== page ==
Compassionate Consequences

One of the things that appears to be slipping from the fire service today (and society in general) is the recognition that all of our actions, on and off the job have consequences.

Good things that we do have good consequences (most of the tome!) and bad things can have bad consequences.

This week and beyond, please take just a moment, a few seconds even to think about what your very next action may bring. An insubordinate off hand comment to a higher ranking officer could ruin your reputation. That is not how it os supposed to work but in many departments that is in fact how it does work.

Our job as officers and mentors is a complicated one. We always want to give someone a break and therefore eliminate all consequences because ” they are a good firefighter”, they are trying hard”, “they have a lot of ambition”, and so forth. If people behave in a manner that requires some consequence than they should understand what can happen.

I am not suggesting discipline in this instance (although there are times when that is appropriate in some case), but what I am suggesting is something I call “compassionate consequences”.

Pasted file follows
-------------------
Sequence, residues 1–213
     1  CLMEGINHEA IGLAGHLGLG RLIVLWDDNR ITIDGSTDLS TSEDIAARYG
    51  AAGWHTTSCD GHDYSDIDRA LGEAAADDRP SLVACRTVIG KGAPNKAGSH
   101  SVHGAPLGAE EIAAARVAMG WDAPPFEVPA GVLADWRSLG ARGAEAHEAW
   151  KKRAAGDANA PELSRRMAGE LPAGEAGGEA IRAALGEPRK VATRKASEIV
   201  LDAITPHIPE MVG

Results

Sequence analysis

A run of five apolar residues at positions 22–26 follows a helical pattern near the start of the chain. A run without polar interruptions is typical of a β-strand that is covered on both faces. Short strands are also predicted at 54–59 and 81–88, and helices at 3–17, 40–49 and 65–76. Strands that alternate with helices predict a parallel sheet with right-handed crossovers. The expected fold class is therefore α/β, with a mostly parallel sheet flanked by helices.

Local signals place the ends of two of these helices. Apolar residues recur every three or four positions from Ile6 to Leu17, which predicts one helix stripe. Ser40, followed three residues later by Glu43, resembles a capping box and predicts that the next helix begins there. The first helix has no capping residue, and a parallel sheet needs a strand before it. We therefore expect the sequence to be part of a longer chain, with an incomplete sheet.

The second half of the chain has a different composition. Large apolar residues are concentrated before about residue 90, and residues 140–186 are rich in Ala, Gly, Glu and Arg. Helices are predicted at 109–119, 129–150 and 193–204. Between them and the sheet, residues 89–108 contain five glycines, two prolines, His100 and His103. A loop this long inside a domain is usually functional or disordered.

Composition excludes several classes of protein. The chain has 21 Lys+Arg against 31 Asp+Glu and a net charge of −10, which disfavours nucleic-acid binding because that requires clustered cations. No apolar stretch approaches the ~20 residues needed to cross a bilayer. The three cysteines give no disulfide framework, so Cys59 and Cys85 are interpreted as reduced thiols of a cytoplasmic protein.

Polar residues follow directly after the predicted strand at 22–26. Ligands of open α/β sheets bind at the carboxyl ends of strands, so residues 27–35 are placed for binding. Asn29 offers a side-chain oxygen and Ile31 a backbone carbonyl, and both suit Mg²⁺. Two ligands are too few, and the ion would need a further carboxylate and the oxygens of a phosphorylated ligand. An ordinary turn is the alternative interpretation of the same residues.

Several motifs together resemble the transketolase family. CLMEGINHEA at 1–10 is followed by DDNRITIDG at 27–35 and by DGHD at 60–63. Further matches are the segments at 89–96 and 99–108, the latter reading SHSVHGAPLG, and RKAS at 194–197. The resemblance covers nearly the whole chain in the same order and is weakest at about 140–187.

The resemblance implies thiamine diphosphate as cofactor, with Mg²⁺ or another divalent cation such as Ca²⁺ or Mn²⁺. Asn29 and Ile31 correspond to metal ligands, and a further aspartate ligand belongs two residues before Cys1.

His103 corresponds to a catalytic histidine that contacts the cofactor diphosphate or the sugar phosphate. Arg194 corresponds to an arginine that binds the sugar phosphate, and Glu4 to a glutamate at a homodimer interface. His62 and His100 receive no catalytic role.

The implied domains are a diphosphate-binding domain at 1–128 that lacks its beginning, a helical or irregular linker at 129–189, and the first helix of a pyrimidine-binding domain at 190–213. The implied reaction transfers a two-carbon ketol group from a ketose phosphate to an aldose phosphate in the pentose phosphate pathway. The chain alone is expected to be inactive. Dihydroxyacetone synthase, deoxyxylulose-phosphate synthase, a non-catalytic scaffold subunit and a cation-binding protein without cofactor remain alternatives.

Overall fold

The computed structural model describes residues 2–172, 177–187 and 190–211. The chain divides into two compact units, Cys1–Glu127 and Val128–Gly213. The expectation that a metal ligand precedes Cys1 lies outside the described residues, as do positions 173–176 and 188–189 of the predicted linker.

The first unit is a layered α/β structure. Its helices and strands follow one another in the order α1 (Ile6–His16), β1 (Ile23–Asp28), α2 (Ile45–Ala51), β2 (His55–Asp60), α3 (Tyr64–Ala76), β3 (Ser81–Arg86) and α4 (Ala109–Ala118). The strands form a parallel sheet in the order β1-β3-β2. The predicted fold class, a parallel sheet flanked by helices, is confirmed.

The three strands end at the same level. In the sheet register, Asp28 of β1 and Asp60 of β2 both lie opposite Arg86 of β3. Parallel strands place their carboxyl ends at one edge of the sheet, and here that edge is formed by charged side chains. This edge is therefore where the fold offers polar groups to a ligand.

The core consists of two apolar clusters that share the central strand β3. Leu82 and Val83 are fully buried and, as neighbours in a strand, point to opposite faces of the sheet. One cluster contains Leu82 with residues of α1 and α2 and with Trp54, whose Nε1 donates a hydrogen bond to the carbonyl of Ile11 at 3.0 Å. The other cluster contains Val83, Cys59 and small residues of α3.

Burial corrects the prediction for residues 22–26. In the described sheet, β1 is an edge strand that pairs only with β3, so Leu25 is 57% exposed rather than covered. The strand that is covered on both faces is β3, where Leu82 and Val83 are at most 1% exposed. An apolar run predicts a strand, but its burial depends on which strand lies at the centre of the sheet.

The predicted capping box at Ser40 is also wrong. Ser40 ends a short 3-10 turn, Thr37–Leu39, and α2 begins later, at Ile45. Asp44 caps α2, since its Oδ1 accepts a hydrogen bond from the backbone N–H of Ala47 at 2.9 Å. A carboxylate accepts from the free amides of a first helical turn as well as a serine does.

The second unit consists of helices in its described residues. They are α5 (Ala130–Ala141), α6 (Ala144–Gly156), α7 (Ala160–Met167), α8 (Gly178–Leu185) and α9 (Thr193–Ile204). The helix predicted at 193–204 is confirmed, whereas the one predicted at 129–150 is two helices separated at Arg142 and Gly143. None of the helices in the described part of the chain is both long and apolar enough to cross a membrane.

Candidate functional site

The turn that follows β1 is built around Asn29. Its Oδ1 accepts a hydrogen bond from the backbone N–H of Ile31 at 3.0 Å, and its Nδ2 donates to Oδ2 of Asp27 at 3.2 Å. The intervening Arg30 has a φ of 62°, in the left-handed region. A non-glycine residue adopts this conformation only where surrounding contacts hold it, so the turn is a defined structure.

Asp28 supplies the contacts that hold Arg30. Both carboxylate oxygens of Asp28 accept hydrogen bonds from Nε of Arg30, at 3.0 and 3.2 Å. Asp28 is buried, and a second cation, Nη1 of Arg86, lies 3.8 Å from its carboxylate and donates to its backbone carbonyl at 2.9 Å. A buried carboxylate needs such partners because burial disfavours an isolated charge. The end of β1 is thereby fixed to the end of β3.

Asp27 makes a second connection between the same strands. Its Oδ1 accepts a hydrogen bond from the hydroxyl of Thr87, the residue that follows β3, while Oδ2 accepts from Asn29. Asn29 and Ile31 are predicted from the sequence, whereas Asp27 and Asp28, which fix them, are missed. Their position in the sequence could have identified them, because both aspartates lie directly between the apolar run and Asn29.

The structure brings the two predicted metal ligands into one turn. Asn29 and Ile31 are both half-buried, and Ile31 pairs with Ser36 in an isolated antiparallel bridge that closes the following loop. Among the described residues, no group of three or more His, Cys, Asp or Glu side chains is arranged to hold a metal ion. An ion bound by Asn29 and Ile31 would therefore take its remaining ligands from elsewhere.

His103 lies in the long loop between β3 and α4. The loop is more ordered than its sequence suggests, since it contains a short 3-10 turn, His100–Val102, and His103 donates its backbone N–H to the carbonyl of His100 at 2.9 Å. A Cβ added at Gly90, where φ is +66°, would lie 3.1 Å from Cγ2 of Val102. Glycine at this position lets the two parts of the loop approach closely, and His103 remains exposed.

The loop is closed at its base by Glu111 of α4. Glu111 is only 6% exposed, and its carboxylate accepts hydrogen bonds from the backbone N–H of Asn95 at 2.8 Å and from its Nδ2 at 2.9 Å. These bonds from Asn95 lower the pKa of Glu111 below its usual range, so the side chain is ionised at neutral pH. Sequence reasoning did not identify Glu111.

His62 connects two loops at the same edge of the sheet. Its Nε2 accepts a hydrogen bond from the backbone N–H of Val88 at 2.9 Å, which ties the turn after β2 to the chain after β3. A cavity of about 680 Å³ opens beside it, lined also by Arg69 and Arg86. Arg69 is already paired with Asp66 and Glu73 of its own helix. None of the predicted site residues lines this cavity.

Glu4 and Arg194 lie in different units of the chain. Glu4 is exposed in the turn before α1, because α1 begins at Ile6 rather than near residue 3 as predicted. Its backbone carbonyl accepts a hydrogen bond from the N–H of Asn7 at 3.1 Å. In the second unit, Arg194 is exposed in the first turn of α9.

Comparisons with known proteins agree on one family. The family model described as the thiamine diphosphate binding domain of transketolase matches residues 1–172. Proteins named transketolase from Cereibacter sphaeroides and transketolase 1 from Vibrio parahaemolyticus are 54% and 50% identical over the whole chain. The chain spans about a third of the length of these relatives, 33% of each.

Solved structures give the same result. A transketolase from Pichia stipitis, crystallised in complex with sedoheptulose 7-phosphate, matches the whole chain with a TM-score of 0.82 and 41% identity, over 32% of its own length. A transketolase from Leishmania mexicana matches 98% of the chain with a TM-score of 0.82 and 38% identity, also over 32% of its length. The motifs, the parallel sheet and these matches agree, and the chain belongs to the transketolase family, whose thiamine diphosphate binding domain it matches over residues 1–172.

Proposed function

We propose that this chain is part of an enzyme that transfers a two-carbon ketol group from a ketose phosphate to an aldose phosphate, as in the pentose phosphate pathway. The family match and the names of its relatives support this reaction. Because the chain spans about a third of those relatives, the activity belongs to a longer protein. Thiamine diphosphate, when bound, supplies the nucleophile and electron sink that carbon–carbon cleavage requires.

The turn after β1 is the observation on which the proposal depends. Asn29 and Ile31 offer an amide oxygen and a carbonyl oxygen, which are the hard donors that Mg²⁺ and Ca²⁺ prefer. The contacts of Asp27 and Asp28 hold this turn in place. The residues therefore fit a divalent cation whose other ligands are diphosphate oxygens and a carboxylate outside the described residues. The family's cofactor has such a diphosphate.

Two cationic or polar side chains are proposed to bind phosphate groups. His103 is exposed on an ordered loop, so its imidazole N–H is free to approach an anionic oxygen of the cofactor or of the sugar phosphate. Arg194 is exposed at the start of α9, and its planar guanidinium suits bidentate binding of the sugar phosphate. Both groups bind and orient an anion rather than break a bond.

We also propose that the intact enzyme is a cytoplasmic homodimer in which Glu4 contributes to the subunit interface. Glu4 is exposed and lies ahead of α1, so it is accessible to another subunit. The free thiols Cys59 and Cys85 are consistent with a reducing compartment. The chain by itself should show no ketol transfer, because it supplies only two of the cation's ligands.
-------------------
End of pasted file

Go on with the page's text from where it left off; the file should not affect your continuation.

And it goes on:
Before you have a conversation or a counseling session with another firefighter remember the Golden Rule; Treat the person how you would like to be treated in a similar circumstance.

This is complicated for new officers as it is uncomfortable to have difficult conversations. We want to eliminate any consequence. The fact is that will never help the firefighter involved. They are human too, and they can realize they have escaped all consequences and they can believe the dodged a bullet. In some cases they will be grateful, in others they will be come emboldened.

If they action is a positive one we all want to be the one to praise and acknowledge them. As officers we need to understand we have a duty to the organization and the rank we serve to steer the members and the organization in the right direction.

When counseling another member, please remember the term “compassionate consequence” and have the difficult conversation good or bad.

If you sweep too much stuff under the rug, it makes a bump, and I assure you, you will trip later on in your travels within the department and organization.

Treat others with compassion. Its a pretty good idea in the fire service for the members, the people we serve, and in our own lives in many ways.